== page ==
Common Issues for Directors of Businesses in Troubled Waters

Common Issues for Directors of Businesses in Troubled Waters

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Rest assured you are not the only director of a business that finds itself struggling to get back on its feet following the impact of the Covid lockdown(s) on you and your customers. If your business is underperforming it is easy for problems to start spiralling out of control and it is crucial to get the appropriate help and advice from experienced specialist advisers. In our latest blog, we take a look at common issues for directors of businesses in troubled waters.

Is your business struggling following Covid? 

At My Insolvency our business turnaround service identifies what needs to be done to get your business back on its feet. We have the knowledge (and grey hairs) to be able to make a difference to your business. 

Timing is the key and any delay could leave and your business vessel rudderless and heading helplessly towards the rocks of insolvency and potentially personal turmoil. 

Don’t delay your SOS call to My Insolvency any longer as we could help you steer your business away from those rocks which might otherwise sink your business and leave you in dire straits. Delaying that call could well leave you with no chance to ask for help.

Understanding businesses and helping directors navigate their way around/through high seas is something we at My Insolvency are well versed in and with a Licensed Insolvency Practitioner to help you steer to calmer waters.

 Do you know what your balance sheet looks like and understand the numbers?

You will be surprised by the number of directors who struggle to comprehend the importance of understanding their business finances, merely answering the accountant/bookkeeper/finance director deals with that is not an acceptable answer. You as a director have both statutory and fiduciary duties when you signed on the dotted line to become a director and regardless of your level of experience, you need to understand those numbers.

Does your business have more assets than liabilities?

Assets must be valued prudently and this means, for example, are there debtors and if so are they collectable and/or should they be written down/off, is there work in progress are there any issues with contracts? If there is goodwill is this shown as having a disproportionately high value (do you know what the goodwill actually is?) then a true value needs to be considered, if there is stock on the balance sheet is the same figure used year in year out yet no stocktake has taken place for years then you need to take hold and appropriate adjustments must be made.

Liabilities should include debts due to your suppliers, government taxes, lenders and consideration for both contingent and prospective debts that your company may face which cannot be quantified until some event in the future.

The terms creditors and debtors and debits and credits are accountancy terms that directors often find confusing especially if they are not well versed with accountancy terminology. Using ignorance as an excuse is not acceptable and directors need to have a firm grasp on these aspects to avoid the rocks of doom and gloom.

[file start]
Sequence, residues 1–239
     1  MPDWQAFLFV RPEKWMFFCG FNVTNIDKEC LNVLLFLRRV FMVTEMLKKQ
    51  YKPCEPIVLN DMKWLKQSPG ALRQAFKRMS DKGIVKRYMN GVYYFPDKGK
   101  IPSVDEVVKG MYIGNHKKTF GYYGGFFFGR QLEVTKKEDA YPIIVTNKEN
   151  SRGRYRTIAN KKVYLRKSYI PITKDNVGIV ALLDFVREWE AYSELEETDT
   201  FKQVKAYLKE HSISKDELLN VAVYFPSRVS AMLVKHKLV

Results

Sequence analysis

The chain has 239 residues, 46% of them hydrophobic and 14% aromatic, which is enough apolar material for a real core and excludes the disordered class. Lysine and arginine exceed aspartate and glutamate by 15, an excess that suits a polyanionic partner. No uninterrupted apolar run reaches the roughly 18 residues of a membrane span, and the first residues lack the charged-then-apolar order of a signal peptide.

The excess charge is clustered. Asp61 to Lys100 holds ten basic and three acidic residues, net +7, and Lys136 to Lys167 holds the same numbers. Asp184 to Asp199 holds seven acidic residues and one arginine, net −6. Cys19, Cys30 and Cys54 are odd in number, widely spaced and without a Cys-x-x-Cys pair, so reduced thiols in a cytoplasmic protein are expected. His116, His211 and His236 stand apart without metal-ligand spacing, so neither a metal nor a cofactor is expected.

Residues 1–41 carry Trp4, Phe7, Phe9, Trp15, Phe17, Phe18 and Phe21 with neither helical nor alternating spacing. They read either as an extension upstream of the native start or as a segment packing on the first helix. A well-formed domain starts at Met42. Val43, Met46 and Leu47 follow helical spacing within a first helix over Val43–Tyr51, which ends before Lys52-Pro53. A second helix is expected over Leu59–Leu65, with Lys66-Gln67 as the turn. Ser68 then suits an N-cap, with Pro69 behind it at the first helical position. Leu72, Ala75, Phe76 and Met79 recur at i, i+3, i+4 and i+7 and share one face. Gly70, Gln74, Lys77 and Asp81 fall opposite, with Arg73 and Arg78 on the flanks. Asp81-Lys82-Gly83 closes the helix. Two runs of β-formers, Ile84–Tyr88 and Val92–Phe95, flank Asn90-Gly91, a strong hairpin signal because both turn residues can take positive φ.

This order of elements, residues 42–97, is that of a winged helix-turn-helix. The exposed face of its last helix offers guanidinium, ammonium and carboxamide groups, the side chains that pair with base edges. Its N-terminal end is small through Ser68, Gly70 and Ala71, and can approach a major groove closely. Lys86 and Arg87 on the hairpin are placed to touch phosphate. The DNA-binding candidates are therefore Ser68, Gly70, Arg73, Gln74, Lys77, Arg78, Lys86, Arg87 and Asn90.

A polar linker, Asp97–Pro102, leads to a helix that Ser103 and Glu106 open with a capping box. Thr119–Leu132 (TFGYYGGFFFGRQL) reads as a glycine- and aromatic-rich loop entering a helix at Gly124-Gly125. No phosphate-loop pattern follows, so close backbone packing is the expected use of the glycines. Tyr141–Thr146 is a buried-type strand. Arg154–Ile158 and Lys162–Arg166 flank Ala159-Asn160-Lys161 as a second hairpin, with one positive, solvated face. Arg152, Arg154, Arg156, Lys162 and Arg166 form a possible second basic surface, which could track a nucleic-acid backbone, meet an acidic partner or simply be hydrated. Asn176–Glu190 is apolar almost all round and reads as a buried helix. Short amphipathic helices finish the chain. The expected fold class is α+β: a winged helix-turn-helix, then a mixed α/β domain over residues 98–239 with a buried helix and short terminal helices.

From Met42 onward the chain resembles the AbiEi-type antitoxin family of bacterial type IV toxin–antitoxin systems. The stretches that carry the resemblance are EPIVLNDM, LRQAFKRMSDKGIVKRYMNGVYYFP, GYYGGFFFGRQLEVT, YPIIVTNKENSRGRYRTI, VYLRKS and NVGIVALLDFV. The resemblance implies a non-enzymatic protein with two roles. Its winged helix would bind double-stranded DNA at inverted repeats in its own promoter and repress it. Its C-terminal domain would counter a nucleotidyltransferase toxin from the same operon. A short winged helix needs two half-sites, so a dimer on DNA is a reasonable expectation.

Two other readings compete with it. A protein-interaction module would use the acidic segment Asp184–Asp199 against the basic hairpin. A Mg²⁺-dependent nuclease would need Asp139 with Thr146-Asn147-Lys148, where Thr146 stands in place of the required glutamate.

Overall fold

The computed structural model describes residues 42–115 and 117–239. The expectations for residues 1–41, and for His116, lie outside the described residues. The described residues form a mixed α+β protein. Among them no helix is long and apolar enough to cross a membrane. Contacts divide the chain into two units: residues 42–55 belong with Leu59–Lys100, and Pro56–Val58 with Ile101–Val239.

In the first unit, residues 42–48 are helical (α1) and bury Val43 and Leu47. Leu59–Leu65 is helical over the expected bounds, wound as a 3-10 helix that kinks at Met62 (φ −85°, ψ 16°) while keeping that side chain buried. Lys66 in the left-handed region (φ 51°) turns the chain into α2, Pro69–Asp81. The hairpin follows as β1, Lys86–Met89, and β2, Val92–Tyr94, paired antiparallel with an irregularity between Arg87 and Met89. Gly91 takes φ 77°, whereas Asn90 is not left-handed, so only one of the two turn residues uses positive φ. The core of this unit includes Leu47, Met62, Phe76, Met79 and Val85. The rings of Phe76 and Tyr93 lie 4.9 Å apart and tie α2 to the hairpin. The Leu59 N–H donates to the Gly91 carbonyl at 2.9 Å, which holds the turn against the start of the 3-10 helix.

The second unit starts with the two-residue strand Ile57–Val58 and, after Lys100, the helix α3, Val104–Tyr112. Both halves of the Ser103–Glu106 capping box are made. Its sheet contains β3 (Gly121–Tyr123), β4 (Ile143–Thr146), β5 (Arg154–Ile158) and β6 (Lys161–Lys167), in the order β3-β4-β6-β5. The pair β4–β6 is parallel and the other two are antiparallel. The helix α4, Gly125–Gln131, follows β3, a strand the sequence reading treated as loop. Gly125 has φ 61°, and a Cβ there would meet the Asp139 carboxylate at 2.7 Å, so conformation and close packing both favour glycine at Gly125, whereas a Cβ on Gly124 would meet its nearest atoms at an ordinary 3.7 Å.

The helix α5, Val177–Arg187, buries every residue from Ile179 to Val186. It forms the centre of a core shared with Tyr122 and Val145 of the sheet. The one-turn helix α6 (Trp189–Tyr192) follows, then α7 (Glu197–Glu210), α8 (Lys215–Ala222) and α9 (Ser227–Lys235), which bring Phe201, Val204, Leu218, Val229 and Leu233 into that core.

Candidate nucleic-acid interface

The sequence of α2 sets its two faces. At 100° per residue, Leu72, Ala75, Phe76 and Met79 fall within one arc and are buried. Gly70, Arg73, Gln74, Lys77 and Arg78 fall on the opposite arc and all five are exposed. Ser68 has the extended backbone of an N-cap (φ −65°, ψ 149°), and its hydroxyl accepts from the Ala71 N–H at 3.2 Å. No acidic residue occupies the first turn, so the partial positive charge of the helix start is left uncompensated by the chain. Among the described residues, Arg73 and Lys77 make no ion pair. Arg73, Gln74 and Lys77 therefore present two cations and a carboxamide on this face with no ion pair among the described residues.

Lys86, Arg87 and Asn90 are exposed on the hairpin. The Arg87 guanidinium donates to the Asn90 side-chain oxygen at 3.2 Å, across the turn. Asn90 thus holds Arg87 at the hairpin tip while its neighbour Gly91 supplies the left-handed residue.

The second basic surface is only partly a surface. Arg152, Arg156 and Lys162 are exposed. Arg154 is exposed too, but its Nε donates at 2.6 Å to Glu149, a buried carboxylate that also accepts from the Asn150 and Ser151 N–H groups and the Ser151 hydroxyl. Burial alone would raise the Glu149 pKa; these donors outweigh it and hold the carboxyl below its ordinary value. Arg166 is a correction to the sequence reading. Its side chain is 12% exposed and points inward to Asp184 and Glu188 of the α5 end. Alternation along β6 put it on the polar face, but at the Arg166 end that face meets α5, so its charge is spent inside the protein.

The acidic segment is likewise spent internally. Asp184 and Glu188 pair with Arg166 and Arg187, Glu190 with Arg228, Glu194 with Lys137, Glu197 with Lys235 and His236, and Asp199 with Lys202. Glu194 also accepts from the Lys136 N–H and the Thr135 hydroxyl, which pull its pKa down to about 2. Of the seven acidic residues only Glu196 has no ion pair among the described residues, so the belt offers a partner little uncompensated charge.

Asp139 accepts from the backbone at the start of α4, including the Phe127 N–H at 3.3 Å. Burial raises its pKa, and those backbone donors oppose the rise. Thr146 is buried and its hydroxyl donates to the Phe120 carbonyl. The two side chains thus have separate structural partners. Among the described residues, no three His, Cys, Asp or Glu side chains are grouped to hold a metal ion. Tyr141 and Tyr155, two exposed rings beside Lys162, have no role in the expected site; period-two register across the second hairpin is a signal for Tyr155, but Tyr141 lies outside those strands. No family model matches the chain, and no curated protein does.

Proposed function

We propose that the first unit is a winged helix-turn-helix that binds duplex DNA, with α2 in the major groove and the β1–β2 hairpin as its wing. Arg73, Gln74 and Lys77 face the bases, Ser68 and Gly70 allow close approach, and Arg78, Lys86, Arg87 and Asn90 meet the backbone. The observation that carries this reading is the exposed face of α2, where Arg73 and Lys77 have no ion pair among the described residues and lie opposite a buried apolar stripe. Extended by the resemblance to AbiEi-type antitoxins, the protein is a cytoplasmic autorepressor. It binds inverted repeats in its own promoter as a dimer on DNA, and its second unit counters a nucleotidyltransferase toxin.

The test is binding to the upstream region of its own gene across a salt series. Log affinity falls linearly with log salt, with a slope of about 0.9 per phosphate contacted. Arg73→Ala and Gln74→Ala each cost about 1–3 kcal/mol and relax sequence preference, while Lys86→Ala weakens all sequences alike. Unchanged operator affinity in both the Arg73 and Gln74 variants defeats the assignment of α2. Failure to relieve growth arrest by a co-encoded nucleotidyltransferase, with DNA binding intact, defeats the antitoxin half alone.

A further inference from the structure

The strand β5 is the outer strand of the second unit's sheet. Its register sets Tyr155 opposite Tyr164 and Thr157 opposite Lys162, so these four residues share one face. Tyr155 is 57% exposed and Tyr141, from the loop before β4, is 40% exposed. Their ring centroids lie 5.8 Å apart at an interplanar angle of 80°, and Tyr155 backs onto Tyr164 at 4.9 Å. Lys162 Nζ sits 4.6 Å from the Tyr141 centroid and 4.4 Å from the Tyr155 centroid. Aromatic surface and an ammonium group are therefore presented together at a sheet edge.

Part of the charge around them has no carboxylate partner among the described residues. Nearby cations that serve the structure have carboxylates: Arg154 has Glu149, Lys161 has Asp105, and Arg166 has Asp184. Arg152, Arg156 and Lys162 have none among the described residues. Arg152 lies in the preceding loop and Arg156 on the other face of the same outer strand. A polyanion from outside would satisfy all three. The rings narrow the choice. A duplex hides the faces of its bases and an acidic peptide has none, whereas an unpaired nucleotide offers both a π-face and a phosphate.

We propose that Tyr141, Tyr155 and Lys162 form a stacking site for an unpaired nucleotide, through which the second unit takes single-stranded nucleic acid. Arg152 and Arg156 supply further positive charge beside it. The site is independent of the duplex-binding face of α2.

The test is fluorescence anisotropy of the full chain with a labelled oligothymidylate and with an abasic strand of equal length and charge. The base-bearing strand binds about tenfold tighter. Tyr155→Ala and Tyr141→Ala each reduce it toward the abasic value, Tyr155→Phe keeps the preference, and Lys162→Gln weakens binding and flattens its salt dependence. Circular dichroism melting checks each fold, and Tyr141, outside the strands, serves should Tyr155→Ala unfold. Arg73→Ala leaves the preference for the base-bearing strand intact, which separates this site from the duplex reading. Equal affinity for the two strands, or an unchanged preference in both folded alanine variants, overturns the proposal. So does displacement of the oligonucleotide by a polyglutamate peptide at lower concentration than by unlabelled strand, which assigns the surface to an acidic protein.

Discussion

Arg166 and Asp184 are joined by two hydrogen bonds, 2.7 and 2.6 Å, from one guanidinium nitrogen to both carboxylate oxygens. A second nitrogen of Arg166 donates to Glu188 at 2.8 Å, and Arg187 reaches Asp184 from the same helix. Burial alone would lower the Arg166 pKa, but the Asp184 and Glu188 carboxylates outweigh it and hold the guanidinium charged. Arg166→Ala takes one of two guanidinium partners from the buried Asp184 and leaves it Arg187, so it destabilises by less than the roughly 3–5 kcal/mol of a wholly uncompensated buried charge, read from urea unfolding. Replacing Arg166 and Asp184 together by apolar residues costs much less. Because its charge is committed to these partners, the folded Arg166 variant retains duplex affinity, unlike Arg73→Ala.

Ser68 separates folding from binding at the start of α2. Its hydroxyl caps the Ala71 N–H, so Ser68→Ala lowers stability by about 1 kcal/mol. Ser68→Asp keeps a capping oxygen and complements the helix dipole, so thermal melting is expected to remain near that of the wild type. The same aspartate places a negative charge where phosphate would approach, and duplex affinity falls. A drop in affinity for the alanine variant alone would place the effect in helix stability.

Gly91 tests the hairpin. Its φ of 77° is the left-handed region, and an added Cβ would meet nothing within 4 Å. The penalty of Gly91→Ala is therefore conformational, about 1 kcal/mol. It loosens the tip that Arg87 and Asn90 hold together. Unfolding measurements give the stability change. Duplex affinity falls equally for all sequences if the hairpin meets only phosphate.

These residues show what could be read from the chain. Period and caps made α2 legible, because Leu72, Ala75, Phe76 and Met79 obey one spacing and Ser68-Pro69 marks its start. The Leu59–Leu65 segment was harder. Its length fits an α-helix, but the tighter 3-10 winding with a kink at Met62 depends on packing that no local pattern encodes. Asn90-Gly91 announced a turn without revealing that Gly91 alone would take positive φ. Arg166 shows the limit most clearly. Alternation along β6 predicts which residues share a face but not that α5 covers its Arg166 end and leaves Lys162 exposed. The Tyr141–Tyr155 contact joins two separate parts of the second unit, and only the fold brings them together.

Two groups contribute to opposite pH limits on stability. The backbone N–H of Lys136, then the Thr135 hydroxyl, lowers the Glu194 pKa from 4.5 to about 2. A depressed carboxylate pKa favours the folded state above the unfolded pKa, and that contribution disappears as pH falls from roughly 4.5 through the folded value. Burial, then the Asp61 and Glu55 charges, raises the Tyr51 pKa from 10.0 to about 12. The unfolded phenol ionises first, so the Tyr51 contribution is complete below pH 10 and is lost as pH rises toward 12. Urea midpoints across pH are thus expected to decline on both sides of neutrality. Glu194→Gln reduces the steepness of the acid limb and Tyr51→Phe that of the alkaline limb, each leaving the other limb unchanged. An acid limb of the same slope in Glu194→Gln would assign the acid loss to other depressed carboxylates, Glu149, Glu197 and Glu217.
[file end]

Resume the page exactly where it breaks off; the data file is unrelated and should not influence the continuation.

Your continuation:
The balance sheet test of whether you have more liabilities than assets or vice versa is one of the first tests undertaken in a review of your business. If you have more liabilities then the warning flare needs to go up straight away.

Can you pay your suppliers (creditors) debts when they fall due?

This is the cash flow test. 

Example 1. Where your business has purchased goods or services on credit and the terms you entered into with the supplier require your business to pay for these goods or services within say 14 days can you pay the liability on or before the 14th day?   If you are unable to pay this debt to your supplier in accordance with the contractual terms entered into then your business could be insolvent.

Example 2  If your company employees individuals and deducts tax and/or national insurance contributions from the individuals pay then your business needs to account for those deductions to HMRC failure to pay as and when they fall due to HMRC means your company may be insolvent.

As a director, you need to be on top of the payment runs to your suppliers/creditors. The cash flow test is a good starting block for understanding a company’s financial well being and its future buoyancy.

Are you under pressure from your suppliers to pay historical debts and have they started to take recovery action?

The legal barometer test is simple, has a creditor obtained judgement or issued a statutory demand and is the debt indefensible? If legal action has commenced then your business needs to be taking immediate action to protect the company’s position and prevent a potential breach of your duties as a director of the company.

Continuing to trade a business past a point when you knew or ought to have known of the company’s financial well being may result in action being taken against you personally. Awareness of your company’s financial position is key, by having good controls and safety systems in place your financial radar can constantly monitor the situation. 

If despite all of your best efforts the company is unable to survive then early action is required to avoid the possibility of you being held accountable and facing disqualification from acting as a director in the future. 

If you are concerned as to the future of your business then seek out advice from an Insolvency Practitioner at My Insolvency today, we work with you as a director in understanding your business, your concerns and pressures before coming up with a workable solution.

For a free consultation contact My Insolvency today.

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